Definition of Archetype

As a literary device, an archetype is a reoccurring symbol or throughout literature that represents universal patterns of human nature. It can also refer to the original model on which all other things of the same kind are based. For example, the common character of a hero is an archetype in that all heroes in literature share some key traits. We can also call certain famous heroes such as King Arthur and Luke Skywalker archetypal heroes, as they fit this mold.

The word archetype comes from a compound Greek word for “origin” and “model.” Therefore, the definition of archetype refers to it as the first form for whatever else comes after it. Archetypes are abstract in that the first mold is not a specific person or thing, but instead a concept made concrete by specific and reoccurring examples and patterns in literature. Therefore there is no one character who is the archetype for all heroes that came after, but instead an intangible sense of hero that is personified by the many hundreds of hero examples that have been created in literature.

Common Examples of Archetype

It can be helpful to think of archetype as similar to a cookie cutter. The cookie cutter is not the cookie itself, but instead gives form to the cookie. While we colloquially use the term “cookie cutter” to mean identical products, one could argue that a cookie cutter could be used on infinitely diverse types of dough. Therefore, the product is always similarly shaped, yet has a vast array of possible variations, just like archetypes.

Many types of media use archetypes with frequency. Reality shows always seem to portray at least one character as the villain, while sitcoms often have the archetypal character of the sidekick.

There is a huge list of character types, symbols, and situations that are considered archetypes. Here are some examples of archetype from real life:

Significance of Archetype in Literature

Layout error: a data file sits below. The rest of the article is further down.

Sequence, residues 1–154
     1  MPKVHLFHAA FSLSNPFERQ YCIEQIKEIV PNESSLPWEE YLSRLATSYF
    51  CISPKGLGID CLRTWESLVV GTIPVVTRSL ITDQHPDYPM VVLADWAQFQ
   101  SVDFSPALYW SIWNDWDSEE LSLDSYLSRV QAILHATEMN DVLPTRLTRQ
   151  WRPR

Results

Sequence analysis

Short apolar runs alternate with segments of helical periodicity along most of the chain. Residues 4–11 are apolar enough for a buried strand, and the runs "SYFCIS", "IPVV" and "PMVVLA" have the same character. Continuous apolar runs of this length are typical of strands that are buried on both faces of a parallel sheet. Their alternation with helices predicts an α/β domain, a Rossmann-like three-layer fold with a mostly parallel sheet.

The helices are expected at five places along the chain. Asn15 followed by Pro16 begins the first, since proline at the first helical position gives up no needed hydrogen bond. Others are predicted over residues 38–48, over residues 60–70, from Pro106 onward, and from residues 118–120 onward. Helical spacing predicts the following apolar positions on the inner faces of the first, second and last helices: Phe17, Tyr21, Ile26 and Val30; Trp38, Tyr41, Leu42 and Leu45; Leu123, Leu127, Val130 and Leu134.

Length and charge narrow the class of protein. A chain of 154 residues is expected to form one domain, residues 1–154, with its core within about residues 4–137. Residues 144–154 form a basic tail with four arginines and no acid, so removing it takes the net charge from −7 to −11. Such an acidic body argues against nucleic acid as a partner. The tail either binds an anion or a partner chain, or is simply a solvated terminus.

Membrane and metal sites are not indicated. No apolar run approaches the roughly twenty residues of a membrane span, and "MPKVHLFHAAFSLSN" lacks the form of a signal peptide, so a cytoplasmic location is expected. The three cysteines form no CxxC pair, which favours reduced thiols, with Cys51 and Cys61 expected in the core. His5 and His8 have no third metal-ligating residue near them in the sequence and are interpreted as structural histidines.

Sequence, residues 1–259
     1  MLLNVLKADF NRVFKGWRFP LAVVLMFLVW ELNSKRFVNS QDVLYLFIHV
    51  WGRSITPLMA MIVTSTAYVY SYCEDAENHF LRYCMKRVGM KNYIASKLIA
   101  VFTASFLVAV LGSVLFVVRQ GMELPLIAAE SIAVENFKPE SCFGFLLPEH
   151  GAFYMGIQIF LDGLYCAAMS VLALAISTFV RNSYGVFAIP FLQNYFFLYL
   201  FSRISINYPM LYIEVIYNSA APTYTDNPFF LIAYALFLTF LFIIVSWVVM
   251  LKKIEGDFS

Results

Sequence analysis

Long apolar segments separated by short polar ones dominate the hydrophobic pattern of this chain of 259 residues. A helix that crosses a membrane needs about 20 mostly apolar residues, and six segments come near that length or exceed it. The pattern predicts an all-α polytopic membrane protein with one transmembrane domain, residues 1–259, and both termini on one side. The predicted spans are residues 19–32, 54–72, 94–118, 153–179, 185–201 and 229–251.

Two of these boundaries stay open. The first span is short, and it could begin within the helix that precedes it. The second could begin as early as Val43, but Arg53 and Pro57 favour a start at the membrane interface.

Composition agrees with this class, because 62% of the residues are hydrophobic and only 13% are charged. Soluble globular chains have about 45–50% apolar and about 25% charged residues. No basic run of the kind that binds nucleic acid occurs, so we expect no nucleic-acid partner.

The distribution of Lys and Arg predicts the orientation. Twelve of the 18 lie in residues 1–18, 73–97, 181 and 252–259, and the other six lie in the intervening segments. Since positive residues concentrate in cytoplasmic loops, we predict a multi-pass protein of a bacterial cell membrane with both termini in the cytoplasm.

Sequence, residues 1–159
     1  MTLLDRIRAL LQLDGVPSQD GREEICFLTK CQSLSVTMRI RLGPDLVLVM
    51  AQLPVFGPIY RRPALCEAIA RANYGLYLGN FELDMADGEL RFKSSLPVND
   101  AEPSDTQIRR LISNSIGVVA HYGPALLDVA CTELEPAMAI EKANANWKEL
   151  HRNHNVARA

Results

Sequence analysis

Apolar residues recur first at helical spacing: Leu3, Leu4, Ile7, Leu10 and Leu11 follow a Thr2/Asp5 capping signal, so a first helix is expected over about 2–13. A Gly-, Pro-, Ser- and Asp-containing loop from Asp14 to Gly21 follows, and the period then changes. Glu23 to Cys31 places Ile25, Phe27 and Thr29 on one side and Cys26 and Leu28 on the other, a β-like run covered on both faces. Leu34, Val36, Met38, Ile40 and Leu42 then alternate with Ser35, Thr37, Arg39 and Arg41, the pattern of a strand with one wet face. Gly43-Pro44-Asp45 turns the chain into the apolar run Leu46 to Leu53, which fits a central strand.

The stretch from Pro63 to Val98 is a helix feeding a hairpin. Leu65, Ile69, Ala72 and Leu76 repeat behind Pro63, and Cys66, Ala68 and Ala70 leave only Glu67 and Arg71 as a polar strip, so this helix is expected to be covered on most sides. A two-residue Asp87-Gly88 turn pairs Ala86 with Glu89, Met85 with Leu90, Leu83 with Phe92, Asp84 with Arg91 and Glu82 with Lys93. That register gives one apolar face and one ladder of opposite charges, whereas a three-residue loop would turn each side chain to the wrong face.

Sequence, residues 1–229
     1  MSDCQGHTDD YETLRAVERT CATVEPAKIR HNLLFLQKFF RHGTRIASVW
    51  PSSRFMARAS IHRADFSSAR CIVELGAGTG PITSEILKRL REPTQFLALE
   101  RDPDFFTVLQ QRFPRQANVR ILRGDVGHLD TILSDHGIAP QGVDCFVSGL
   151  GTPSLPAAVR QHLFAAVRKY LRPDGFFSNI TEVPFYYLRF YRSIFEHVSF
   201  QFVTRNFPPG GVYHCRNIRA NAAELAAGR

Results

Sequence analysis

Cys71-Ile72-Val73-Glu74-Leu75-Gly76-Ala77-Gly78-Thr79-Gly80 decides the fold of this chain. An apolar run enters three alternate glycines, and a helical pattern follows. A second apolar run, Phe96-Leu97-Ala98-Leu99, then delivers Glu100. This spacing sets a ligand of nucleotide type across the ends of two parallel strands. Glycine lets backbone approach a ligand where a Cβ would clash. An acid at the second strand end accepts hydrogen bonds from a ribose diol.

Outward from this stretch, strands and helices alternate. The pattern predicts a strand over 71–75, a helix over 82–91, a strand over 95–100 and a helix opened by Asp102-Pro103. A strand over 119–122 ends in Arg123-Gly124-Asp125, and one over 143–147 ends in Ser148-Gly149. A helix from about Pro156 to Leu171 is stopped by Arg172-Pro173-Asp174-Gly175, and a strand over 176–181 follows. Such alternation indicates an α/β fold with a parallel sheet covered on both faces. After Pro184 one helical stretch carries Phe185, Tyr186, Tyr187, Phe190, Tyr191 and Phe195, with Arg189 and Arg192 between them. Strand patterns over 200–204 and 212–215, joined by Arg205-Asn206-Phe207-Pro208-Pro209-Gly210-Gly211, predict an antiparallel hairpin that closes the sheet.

Almost all works of literature contain examples of archetype. This is because archetypes stem from cultural and psychological myths that are universal or nearly so. For example, the plot of a character going on a quest is found in oral storytelling traditions and works of literature from around the world and from all time periods. Thus the “quest” plot is an archetype. Since almost all types of plots and characters have been codified into archetypes it is difficult, if not impossible, to create a story without using these long established symbols and patterns. By trading in archetypes, authors help the audience understand what the expectations are for a certain type of story or character. The author then doesn’t have to explain as much, and when the author breaks from the mold to some degree, that rupture will be all the more intriguing to the reader.

Examples of Archetype in Literature

Example #1: Quest Archetype

So then, royal son of Laertes, Odysseus, man of exploits, still eager to leave at once and hurry back to your own home, your beloved native land? Good luck to you, even so. Farewell! But if you only knew, down deep, what pains are fated to fill your cup before you reach that shore, you’d stay right here, preside in our house with me and be immortal.

(The Odyssey by Homer)

In this excerpt from Homer’s epic The Odyssey, the goddess Calypso addresses Odysseus as he’s about to set off on his quest. There are many thousands of stories based on the archetype of the quest, or journey, and The Odyssey is one of the most famous. Calypso foreshadows the difficulties that are present in this archetypal plot; the reader will know to expect the challenges that Odysseus later faces both because of this excerpt and because of the traditional guidelines of a quest story.

Example #2: Villain Archetype

IAGO: Why, there’s no remedy. ‘Tis the curse of service.